I don't need any more stringed-instruments; I have my main electric guitar; a backup electric; another electric that's strictly for sentimental decor and only occasional strumming; an acoustic-electric; an electric bass; an upright dulcimer; a lap-steel guitar; and a mandolin. But I definitely want more instruments (specifically a high-end Dreadnought acoustic and/or one of several hollow bodies I've been eyeing). So whenever I see a music sale coming up, I take a look, just in case.
Which is how I found myself flipping through Guitar Center's 4th of July Sale, and stumbled on these disgusting beasts.
These special edition Game of Thrones Fender Custom Shop guitars were released in April 2019, and run between $25,000 and $35,000 a piece. Yes, you read that right: twenty-five thousand to thirty-five thousand dollars. And according to Fender, they each take around 100 hours to make, which makes them a little less absurdly priced, but still completely unnecessary.
Even if I had that kind of money, I don't think I'd go much higher than this $4,350 thinline semi-hollow Telecaster (hint hint). I genuinely cannot fathom who the market is for these hideous GoT axes. Was Fender approached by a Private Equity Consultant who encouraged them to target the niche market of a billionaire trustfund babies who love fantasy and collect guitars to display in their homes?
The $30,000 Lannister Jaguar (center) does come with a 24K gold leaf over on the front, back and headstock, as well as a gold-plated pickguard; the shiny finish on the body is actually just paint. Read the rest
I've successfully talked myself out of buying a hollow-body telecaster to add to my already-too-large collection of stringed instruments. As difficult as it's been at times, I have still managed to stand firm against my desires.
But I might have to give in and build myself a Legocaster. Read the rest
Brian May, "your friendly neighbourhood rock star" (as he described himself in a post) is doing a series of "MicroConcertos" on his Instagram account. On them, he shows fans and fellow guitarists how he achieves some of his famous Queen licks.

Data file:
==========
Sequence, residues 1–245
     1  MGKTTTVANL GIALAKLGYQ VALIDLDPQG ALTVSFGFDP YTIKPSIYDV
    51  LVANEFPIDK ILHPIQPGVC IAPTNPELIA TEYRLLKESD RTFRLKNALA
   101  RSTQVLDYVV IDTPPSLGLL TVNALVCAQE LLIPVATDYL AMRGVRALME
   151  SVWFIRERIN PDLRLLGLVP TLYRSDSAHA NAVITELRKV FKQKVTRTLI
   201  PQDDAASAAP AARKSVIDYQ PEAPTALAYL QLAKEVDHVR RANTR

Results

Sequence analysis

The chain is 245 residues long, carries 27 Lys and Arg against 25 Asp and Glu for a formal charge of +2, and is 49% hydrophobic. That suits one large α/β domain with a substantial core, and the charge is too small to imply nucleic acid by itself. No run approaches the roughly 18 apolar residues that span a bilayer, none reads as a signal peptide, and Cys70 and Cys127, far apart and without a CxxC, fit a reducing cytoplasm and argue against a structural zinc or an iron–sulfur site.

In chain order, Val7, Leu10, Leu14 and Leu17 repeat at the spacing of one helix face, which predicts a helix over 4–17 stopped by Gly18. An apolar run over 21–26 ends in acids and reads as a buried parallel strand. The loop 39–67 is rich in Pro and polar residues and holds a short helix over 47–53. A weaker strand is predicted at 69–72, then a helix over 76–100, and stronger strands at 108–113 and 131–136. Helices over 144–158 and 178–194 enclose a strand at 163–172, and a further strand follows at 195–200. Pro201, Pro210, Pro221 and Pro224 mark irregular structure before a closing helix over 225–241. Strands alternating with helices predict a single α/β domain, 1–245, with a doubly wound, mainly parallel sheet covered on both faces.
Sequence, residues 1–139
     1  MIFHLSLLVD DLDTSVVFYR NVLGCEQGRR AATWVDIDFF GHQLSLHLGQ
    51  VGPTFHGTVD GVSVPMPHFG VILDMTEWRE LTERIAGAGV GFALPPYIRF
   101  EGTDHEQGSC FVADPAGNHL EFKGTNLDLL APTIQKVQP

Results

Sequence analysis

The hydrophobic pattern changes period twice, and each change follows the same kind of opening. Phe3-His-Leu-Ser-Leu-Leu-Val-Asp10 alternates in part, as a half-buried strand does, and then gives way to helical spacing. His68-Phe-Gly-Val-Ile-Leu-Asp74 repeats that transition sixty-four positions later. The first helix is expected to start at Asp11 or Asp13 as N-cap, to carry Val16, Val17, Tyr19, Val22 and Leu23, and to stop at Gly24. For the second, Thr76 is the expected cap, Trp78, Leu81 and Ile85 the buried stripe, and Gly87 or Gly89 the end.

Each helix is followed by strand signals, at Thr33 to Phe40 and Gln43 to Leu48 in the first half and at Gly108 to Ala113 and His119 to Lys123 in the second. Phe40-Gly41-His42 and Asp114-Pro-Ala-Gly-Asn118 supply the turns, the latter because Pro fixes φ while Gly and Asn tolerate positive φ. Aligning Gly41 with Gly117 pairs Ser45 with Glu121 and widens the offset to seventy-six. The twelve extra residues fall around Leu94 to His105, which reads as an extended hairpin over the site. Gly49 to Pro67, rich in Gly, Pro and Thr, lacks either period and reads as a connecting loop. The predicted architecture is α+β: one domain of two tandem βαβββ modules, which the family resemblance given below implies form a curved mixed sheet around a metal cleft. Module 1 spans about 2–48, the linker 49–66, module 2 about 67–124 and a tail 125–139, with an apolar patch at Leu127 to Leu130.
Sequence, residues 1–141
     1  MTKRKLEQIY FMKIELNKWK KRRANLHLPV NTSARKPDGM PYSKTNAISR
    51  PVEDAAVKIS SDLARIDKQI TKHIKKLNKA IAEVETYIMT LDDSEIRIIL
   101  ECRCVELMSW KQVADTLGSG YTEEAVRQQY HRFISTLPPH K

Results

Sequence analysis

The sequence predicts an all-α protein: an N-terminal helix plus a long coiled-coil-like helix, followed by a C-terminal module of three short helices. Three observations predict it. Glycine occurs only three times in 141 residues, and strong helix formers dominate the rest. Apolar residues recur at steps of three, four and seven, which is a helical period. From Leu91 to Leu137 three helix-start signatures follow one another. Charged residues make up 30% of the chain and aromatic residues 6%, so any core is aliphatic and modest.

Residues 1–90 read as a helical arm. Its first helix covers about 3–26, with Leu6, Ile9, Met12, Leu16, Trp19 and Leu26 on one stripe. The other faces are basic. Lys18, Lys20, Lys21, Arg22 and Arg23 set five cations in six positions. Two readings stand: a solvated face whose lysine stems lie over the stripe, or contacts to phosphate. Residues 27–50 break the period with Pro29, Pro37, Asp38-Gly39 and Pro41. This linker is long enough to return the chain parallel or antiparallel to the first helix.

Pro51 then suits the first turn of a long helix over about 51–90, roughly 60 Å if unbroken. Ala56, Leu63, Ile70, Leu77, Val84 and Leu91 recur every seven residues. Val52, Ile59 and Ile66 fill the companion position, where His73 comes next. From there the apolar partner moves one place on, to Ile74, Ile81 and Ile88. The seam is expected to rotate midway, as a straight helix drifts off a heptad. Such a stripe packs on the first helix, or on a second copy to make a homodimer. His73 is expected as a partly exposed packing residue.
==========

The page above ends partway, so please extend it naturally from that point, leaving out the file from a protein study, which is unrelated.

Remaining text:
Brian is also using his account to try and keep fans' spirits up and to encourage them to take self-isolation very seriously, observe sterile technique, and to make the most out of the time. "Keep calm and create" he summarizes.
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This spontaneously turned into a ‘Star Licks’ type tutorial ... as an experiment, really. I don’t think I’ll Ever try to do it this way again, though - because it was ridiculously time-consuming trying to put it all up on IG ‘Stories’. Here’s a very rough potted version for posterity. Tell me how useful (or not!) it was. OK ? Bri
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Willie Nelson's Martin N-20 guitar, affectionately known as Trigger, has seen some shit. Happily, the majority of the shit it's seen has been in the name of making countless music lovers, the world over, happy. Over the years, Willie's finger-pickin' playing style has worn second soundhole into the guitar (not to mention the other carnage that this poor instrument has somehow survived.)
To keep Trigger alive and playable, Texas-based luthier, Mark Erlewine, gives the iconic instrument a whole lot of TLC during the guitar's annual checkup. Read the rest
I don't know why this exists, but I'm glad it does. I just want to know how it sounds, and how it plays! I guess I'll have to visit Cranmer Guitars the next time I'm in Glasgow. Read the rest
You might recognize Wilko Johnson's as Ser Ilyn Payne from Game of Thrones, but that role's small potatoes compared to his musical legacy. As the lead guitarist and song writer for the British pub rock band Dr. Feelgood, Johnson's choppy, percussive style of playing is considered to be one of the earliest influences of the early UK punk scene. When you listen to Joe Strummer hacking away with his axe in The 101ers, you're hearing Wilko.